On a dreary rainy Monday, most people would just want to curl up in bed with Netflix. But a little rain wasn't going to stop hundreds of people from seeing The Naked and Famous at their second sold out night at the 9:30 Club.
Perhaps luckily for the opening act The Colourist, the rain stopped well before they were to go on. The downfall to being an opening act is usually having to play to significantly less people then will eventually fill the hall. For many concertgoers the opening act isn't worth getting there early for. With the show being sold out, there was a decent size crowd for them to play to. To some of the audience's surprise, the up and coming band proved they deserved to be on the stage.
In a set up that had all four members in a line, including the drummer, you felt a sense of togetherness. That no one was more important than anyone else. The California band played like seasoned vets, like they were the headliners themselves. By the time they got to their most recognized song, "Little Games," it was clear that they could easily be headliners in a couple of months.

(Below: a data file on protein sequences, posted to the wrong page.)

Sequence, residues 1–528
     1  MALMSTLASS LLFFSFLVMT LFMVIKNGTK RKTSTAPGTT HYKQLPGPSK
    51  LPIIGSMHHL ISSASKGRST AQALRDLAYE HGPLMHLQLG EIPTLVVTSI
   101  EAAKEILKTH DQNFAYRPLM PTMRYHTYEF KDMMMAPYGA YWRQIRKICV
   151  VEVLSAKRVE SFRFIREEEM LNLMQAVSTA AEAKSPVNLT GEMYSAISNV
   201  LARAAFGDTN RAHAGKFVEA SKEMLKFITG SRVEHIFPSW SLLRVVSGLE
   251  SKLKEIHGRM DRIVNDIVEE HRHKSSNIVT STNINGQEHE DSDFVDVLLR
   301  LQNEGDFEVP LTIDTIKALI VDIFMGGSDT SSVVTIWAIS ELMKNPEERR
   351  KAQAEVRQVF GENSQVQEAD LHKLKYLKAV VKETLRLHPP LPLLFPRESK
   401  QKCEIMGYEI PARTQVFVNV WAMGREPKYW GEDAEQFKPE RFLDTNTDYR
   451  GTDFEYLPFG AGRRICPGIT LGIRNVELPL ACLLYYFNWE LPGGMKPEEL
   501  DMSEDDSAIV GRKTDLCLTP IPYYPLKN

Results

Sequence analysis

With a stage set up that looked like pieces from a U2 tour, there was even more mounting excitement for The Naked and Famous. The moment they stepped out you could feel an energy shift; the audience was more than ready. Even people who went to the sold out show the night before were still just as enthused. Especially the four or five guys in the front row who kept making both bands laugh with their dance moves.
The New Zealand band breezed through fan favorites and new material, including "Rolling Waves," from their new album In Rolling Waves. Lead singer Alisa Xayalith lead the crowd into a sing along of the chorus, and a hand roll reminiscent of the "Rolling With The Homies" hand roll from Clueless. She seemed genuinely pleased with the result. And of course they played their hits that have been featured on television and movies for the past few years. Including "Punching in a Dream," "No Way," "The Sun," and for their encore "Young Blood."
Following in the foot steps of bands like Vampire Weekend, The Naked and Famous have real potential to break past the indie pigeon hold and become something bigger.